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Princeton woman in need of transplant brings health care disparities to Victoria

Premier, MLA, meet with Chris Unrau
Chris Unrau was surrounded by political support when she travelled to Victoria to press the case for transplant patients. Premier David Eby and local MLA Roly Russell were there to back her up. (Contributed)

A Princeton woman, desperate for a double-lung transplant, is forging change in the province despite her frail health.

Chris Unrau made headlines last month, when she contacted media and was rewarded when a Penticton benefactor came forward and promised to pay all her associated medical bills following transplant surgery, when it becomes available.

But she is not stopping there.

Unrau and her husband, along with Paul Adams of the BC Rural Health Network (BCRHN) and local MLA Roly Russell, travelled to Victoria earlier this month to explain how residents outside of Vancouver are discriminated against, when it comes to organ transplants.

They were greeted and acknowledged in the legislature, and had a meeting with Premier David Eby.

“We got 100 per cent support from every MLA,” she told Black Press in an interview.

There are approximately 150 organ transplants in the province annually. However, patients travelling from outside the Lower Mainland must find their own housing and fund their travel and living expenses for a minimum of six months.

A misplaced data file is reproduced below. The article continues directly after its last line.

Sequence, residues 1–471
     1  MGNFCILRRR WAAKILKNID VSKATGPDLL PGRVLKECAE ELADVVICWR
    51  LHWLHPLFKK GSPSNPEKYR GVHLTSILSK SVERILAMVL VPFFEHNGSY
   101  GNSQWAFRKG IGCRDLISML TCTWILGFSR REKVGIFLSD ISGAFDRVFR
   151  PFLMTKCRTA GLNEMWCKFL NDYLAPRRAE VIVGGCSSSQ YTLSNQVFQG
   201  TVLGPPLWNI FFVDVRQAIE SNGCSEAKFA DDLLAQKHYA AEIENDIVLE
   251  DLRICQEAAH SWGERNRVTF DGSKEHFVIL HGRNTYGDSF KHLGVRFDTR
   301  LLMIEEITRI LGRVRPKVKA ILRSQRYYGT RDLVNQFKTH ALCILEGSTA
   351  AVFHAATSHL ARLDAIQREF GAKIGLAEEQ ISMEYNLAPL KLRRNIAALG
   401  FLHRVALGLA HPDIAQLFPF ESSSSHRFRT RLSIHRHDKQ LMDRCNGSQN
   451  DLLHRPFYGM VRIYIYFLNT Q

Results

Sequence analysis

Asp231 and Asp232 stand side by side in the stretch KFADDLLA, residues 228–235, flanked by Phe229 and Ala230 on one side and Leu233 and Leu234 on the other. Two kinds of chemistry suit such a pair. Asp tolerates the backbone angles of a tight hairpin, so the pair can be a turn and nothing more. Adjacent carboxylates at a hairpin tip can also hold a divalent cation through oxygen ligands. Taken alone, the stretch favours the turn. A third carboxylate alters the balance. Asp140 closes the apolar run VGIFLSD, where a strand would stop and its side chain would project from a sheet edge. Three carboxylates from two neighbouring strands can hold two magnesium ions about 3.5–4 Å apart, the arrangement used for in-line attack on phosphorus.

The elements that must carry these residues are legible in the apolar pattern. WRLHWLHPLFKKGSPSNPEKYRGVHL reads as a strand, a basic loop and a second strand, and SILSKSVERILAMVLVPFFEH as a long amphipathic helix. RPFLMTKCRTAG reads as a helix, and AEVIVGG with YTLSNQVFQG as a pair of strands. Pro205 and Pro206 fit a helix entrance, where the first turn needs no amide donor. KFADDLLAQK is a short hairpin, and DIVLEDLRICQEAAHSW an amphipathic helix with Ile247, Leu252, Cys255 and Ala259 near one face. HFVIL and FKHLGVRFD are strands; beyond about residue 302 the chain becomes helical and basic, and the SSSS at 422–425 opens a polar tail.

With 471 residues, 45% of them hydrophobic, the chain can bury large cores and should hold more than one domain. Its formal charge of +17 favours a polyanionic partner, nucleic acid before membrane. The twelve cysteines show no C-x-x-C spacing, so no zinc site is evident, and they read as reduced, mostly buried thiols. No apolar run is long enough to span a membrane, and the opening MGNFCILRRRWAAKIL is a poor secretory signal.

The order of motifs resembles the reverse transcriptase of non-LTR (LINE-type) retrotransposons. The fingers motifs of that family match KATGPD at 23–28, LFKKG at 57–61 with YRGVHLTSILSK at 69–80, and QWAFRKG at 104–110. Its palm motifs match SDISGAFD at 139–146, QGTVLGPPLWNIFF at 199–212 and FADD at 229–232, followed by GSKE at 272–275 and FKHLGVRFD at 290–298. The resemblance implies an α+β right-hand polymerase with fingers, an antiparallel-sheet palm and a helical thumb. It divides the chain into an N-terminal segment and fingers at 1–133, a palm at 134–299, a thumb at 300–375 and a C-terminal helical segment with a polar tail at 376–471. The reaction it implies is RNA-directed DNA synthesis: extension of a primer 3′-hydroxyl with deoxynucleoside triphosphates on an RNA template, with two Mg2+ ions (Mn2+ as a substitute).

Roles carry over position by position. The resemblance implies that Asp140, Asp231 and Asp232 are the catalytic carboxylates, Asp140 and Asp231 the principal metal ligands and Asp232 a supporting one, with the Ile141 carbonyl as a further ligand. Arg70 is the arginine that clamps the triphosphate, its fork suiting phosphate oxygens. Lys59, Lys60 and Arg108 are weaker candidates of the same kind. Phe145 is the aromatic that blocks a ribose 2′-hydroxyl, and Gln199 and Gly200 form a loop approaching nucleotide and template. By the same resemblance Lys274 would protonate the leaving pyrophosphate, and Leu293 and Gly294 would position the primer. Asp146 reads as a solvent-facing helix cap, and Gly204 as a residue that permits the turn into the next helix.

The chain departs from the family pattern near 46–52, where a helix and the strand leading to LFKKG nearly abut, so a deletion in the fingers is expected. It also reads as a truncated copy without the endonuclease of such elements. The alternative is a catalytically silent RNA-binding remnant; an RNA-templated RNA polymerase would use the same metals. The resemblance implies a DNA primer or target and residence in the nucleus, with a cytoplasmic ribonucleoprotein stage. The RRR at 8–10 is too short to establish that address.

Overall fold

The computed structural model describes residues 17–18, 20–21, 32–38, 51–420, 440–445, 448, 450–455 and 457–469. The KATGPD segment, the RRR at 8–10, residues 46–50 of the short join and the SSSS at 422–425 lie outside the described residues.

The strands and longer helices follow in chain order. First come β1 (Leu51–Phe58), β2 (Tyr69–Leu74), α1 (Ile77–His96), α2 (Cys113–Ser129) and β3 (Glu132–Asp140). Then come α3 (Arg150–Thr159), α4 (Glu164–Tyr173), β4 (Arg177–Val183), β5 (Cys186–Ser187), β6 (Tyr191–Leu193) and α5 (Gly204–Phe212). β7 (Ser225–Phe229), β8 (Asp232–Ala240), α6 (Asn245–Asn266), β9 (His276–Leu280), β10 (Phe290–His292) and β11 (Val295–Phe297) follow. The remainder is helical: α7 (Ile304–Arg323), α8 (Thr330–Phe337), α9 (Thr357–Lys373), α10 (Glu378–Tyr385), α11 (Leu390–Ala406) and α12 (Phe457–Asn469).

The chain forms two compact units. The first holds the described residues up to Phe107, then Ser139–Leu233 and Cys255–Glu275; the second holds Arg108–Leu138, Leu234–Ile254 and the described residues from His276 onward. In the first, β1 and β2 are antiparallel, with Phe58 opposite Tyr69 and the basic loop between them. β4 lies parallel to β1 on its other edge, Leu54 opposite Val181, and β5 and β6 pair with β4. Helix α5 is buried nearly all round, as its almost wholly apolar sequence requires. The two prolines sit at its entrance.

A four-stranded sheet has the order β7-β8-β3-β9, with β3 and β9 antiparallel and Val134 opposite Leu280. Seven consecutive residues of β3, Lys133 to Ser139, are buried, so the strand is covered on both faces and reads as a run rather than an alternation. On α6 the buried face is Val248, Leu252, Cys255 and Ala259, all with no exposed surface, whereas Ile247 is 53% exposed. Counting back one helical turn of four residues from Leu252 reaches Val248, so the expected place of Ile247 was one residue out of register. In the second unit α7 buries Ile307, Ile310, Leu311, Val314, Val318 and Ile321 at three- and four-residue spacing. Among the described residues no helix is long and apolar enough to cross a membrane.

Initially, Unrau withdrew her request to be put on a transplant list, because she could not afford the $20,000 minimum down-payment required to ensure she could stay in Vancouver post-surgery.

“Christina has done her piece in bringing this issue to light,” said Paul Adams, chair of the BCRHN.

Unrau felt overwhelmed, but held her ground.

Her meeting with Eby was comfortable.

“He was really welcoming and really interested, and he was shocked by some of things I told him,” she said.

“We were in deep conversation. He was very attentive and he was very compassionate. I met with a really nice man, who does care.”

Recovering from the trip to the coast cost Unrau five days of pain and exhaustion.

Adams acknowledged that sacrifice.

“Due to strength and ability, Christina was really representing a lot of invisible people who are not heard.”

Adams said the BCRHN will continue to pursue policy change for rural health patients.

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Andrea DeMeer

About the Author: Andrea DeMeer

Andrea is the publisher of the Similkameen Spotlight.
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